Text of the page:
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Relative Importance by Averaging Over Orderings
The American Statistician
Vol. 41, No. 1 (Feb., 1987), pp. 6-10
Stable URL: http://www.jstor.org/stable/2684310
Page Count: 5
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Many ways have been suggested for explicating the ambiguous concept of relative importance for independent variables in a multiple regression setting. There are drawbacks to all the explications, but a relatively acceptable one is available when the independent variables have a relevant, known ordering: consider the proportion of variance of the dependent variable linearly accounted for by the first independent variable; then consider the proportion of remaining variance linearly accounted for by the second independent variable; and so on. When, however, the independent variables do not have a relevant ordering, that approach fails. The primary suggestion of this article is to rescue the idea by averaging relative importance over all orderings of the independent variables. Variations and extensions of the idea are described.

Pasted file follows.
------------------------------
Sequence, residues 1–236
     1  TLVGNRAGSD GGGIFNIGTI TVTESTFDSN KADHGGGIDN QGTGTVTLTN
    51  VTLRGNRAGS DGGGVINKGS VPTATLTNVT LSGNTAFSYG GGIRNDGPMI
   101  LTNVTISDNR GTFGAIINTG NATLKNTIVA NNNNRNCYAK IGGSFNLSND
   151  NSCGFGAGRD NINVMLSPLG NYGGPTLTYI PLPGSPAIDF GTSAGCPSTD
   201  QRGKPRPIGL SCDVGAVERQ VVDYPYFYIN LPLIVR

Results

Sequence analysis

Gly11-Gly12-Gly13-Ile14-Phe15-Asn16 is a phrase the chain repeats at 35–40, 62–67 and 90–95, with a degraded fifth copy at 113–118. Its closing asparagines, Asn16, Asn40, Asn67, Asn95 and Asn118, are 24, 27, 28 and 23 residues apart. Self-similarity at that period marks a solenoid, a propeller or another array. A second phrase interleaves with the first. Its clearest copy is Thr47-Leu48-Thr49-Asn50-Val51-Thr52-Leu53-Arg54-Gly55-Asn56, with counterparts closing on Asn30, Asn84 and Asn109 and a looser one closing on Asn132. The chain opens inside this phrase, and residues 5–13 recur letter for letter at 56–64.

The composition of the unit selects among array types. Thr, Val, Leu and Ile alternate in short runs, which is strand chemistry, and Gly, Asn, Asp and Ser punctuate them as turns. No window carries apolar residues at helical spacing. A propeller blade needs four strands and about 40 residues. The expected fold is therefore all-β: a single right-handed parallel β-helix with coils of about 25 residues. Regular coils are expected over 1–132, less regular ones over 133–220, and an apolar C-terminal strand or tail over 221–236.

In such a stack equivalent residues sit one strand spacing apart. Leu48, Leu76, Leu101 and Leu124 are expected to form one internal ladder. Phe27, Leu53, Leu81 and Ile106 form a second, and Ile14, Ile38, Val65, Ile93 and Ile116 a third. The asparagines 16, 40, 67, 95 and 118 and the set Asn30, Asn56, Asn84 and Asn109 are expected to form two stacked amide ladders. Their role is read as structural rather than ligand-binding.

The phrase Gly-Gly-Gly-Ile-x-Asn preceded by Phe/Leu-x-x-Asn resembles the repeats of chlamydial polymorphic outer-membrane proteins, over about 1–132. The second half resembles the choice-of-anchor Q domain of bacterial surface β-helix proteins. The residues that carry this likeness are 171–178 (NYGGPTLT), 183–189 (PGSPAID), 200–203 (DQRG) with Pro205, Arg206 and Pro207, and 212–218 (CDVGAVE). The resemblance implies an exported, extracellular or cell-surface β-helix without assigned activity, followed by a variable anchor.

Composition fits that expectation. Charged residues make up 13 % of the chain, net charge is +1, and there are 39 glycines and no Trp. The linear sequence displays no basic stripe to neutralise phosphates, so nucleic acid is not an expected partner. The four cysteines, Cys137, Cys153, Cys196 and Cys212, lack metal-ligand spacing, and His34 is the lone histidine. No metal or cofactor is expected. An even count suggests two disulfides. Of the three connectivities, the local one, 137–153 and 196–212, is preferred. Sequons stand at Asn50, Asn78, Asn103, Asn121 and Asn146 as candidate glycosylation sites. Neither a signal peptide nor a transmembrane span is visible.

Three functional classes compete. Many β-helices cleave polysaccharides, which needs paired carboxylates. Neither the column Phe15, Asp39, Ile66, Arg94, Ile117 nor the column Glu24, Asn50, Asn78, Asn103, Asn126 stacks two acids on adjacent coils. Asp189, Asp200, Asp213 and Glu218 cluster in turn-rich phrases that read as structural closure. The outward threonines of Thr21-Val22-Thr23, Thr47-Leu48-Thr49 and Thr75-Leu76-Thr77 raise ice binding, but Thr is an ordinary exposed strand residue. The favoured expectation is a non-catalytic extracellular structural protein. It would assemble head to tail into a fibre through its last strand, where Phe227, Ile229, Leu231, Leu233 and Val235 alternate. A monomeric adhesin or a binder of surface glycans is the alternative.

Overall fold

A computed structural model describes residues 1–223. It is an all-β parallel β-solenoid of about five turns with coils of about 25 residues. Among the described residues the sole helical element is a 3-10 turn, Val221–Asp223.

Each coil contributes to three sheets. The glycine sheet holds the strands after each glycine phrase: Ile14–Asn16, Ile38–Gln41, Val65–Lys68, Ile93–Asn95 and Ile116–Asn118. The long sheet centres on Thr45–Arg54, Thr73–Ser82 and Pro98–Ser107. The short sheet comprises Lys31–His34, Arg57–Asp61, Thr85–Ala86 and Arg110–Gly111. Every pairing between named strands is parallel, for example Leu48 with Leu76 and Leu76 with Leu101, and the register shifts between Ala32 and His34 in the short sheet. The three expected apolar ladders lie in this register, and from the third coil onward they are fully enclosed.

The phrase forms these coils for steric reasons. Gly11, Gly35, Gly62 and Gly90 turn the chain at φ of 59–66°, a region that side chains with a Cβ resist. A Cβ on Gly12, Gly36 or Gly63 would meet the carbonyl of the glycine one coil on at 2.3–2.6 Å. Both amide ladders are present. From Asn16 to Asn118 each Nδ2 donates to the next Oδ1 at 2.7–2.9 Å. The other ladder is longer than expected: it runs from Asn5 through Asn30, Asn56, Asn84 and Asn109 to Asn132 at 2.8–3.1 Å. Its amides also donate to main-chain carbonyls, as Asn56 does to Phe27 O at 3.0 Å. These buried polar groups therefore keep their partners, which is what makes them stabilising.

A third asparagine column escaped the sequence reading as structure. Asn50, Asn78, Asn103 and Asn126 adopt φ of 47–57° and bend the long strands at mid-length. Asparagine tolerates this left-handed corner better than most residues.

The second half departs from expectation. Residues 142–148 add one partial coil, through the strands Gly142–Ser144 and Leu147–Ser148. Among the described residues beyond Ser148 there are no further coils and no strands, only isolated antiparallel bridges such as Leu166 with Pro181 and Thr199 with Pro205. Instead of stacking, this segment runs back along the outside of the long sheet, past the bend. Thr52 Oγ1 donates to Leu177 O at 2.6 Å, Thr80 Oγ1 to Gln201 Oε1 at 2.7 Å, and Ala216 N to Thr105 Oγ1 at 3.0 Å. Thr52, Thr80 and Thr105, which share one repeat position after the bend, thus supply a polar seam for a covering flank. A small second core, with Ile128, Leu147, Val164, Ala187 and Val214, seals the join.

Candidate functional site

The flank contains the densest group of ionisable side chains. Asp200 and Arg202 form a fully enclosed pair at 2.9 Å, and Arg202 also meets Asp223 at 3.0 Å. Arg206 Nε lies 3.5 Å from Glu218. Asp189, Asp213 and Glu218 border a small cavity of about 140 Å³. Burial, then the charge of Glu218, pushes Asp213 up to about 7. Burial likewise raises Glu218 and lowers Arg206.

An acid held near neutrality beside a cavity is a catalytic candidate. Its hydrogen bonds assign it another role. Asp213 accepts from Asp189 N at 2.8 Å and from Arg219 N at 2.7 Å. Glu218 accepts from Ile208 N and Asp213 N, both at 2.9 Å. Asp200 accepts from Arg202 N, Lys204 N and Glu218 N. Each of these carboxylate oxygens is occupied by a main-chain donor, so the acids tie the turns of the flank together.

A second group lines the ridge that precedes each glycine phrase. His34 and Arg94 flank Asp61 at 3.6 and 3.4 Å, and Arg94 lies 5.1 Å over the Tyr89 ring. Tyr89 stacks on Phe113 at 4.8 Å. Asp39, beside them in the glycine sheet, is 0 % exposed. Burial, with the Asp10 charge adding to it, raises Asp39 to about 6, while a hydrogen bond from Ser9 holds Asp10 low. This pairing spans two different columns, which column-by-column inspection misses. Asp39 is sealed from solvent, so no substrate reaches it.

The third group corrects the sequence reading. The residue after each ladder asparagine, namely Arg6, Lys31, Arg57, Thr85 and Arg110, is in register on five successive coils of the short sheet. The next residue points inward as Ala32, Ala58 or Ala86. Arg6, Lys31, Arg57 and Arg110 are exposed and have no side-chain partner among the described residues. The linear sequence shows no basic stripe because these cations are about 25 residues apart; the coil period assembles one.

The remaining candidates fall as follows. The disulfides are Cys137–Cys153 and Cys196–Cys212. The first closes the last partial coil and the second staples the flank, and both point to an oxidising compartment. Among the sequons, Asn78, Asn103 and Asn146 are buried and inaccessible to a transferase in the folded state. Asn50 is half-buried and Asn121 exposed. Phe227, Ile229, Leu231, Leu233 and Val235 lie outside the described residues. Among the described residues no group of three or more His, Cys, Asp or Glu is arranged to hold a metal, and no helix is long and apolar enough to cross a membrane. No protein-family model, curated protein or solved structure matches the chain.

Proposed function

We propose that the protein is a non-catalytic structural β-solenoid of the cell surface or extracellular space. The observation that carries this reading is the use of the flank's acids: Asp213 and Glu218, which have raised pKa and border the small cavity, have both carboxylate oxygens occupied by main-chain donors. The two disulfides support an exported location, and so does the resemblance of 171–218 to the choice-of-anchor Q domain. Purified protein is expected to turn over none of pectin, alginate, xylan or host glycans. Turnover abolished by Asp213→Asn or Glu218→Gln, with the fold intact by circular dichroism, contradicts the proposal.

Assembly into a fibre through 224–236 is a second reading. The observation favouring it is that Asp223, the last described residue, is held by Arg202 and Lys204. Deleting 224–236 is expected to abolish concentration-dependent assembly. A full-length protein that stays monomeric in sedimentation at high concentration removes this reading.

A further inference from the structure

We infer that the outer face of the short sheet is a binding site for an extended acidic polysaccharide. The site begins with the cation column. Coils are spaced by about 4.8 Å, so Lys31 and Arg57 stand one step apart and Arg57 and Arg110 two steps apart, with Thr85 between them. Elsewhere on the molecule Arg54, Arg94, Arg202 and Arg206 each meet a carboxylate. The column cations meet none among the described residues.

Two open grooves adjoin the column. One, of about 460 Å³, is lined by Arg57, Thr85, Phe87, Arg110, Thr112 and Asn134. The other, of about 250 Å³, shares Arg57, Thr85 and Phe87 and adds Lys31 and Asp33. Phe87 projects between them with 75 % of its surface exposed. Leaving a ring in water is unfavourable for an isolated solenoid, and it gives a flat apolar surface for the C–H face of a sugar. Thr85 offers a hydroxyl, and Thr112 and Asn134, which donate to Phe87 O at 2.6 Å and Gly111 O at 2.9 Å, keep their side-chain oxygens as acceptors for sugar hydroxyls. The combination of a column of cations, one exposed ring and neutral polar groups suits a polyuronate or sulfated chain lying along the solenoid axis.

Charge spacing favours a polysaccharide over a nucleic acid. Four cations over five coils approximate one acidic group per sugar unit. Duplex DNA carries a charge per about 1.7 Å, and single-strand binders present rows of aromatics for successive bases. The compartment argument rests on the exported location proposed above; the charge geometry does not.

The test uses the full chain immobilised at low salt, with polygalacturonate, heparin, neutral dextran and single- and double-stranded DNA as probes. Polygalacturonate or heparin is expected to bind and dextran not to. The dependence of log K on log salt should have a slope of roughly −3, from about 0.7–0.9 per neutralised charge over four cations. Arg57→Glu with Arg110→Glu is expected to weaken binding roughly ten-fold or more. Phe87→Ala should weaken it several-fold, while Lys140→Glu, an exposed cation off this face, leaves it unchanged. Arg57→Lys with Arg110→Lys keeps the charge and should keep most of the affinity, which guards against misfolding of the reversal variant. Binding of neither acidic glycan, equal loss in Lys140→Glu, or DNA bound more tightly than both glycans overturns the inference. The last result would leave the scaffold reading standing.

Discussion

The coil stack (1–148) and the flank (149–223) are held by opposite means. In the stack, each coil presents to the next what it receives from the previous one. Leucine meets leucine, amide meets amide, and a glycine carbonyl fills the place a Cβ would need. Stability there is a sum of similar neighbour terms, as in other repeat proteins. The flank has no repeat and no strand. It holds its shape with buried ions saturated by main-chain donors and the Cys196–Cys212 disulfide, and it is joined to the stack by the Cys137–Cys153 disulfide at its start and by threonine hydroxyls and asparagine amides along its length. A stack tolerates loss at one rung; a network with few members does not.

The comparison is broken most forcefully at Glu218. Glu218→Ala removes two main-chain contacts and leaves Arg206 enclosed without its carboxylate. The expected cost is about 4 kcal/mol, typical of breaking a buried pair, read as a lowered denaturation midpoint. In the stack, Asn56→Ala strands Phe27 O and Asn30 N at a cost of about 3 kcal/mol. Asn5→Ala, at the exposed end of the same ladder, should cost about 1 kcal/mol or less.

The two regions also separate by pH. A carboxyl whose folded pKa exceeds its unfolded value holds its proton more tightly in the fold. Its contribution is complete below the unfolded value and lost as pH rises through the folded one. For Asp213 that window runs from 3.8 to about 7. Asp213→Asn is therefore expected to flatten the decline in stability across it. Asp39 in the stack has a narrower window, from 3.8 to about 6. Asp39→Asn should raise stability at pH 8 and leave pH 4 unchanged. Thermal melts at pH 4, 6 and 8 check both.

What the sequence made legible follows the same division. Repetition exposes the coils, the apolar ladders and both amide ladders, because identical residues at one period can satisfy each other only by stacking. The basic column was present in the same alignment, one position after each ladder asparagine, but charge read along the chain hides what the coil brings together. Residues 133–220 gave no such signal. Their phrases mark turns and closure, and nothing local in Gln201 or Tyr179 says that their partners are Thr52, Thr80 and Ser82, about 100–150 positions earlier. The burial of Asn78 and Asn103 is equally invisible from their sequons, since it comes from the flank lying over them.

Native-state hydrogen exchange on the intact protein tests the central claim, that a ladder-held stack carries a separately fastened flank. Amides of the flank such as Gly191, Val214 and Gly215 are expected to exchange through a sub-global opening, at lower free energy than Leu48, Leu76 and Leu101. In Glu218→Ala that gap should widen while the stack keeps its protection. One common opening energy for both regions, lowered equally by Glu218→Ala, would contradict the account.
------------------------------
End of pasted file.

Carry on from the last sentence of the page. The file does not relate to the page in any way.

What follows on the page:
The American Statistician © 1987 American Statistical Association